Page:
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4 Things Companies With High-Performing EHS Programs Do


4 Things Companies With High-Performing EHS Programs Do

Don’t use binders and spreadsheets. Don’t leave employee safety in the hands of one person. Don’t use outdated learning systems. Don’t duplicate stupid.

Environment, health, and safety advice frequently trends toward the negative—don’t do this, make sure employees refrain from that, don’t use this wiring setup, beware of these scaffolding violations. But what about what you should do? What positive steps can you take to make your workplace safer and your business more productive?

After all, high-performing organizations aren’t just differentiated by the health and safety incidents they avoid, but by the efficiencies they’ve built into their EHS programs. They do better than their industry averages because they do things average companies don’t.

So, what do they do, exactly? Here are a few key health and safety actions high performers take:

1. Invest in Workforce Training

In our recent research into EHS program trends, one of the starkest contrasts we witnessed between high performers and poor performers was an emphasis on training.

Our study showed that high performers engage their employees in rigorous EHS training. There’s no prevailing standard here—no one-size-fits-all approach emerged from our data—but high-performing organizations all had the same results: team members were motivated to learn and demonstrated a deep familiarity with crucial health and safety topics.

Whatever forms their training programs take, high performers are willing to invest in those programs and make sure they work as intended. They shape their educational content to employees’ learning styles and experience levels, test learners’ knowledge frequently, and ensure the information sticks and remains top-of-mind with periodic refresher courses.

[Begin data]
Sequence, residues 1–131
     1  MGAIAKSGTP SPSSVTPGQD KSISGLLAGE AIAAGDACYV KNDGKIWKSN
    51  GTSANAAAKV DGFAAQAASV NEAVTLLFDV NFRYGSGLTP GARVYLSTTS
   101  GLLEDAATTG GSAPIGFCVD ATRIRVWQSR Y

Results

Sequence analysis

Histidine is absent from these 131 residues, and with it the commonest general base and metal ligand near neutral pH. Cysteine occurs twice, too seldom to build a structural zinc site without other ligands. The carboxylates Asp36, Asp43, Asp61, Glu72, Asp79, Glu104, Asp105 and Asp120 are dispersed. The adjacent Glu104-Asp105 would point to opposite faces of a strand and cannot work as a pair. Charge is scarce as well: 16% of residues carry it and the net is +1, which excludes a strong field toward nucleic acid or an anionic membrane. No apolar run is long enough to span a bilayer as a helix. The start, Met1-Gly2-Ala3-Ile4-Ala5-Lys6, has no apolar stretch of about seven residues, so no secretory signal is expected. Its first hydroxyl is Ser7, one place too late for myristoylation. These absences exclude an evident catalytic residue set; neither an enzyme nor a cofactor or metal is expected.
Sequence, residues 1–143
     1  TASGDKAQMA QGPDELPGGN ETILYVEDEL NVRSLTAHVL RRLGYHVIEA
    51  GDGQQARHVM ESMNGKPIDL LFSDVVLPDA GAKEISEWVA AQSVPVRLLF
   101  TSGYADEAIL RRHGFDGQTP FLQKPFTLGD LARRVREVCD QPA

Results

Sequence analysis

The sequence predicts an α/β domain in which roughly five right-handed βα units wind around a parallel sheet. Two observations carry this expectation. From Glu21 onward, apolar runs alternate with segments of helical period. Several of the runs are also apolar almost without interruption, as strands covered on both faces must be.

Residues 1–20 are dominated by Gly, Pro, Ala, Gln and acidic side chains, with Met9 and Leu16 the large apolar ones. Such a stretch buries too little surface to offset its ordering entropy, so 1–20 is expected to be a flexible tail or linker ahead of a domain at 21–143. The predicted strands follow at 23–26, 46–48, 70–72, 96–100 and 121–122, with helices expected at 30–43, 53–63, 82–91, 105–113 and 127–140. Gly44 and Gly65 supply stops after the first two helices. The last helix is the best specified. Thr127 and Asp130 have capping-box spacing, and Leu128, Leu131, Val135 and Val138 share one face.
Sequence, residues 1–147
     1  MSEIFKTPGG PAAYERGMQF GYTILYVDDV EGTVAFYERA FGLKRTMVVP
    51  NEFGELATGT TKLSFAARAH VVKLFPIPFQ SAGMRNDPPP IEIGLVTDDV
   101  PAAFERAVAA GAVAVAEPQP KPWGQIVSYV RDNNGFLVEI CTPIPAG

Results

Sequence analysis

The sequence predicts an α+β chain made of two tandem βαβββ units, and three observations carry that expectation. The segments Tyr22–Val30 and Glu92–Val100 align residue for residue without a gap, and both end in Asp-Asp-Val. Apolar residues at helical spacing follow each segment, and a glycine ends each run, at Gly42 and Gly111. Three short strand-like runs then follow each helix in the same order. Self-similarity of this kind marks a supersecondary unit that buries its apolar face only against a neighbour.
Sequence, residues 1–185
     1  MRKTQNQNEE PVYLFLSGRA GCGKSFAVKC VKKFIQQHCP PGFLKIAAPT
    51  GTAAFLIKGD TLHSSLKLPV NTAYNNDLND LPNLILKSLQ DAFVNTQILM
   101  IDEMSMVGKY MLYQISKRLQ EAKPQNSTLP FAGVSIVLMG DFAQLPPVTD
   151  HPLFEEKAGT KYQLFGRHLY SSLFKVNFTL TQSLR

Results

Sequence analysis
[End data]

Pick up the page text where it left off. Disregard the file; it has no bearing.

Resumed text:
Another major differentiator is the timing of training. Rather than only educating employees on a topic after a related incident occurs, high-performing organizations train ahead of the problem. In other words, they take a proactive approach instead of solely focusing on remediation.


2. Conduct Inspections and Audits Before Incidents Occur

Another clear distinction between the high performers and poor performers we surveyed was the timing and frequency of facility inspections and audits. Specifically, we found that high performers conduct inspections and audits more often than low performers—and many times, in advance of a potential health or safety incident.

Again, this is about proactivity. High-performing organizations take the time every few months to assess their people, processes, and technologies “just because”—not in response to any specific issue or concern.

What these organizations understand is that it’s difficult to catch up when you fall behind on EHS. Much like visiting the dentist, an inspection or audit is significantly more painful (and expensive) if you don’t do it regularly. And it becomes a vicious cycle—an organization avoids inspections and audits because leadership is afraid of the problems they’ll find and how much it will cost to address those problems.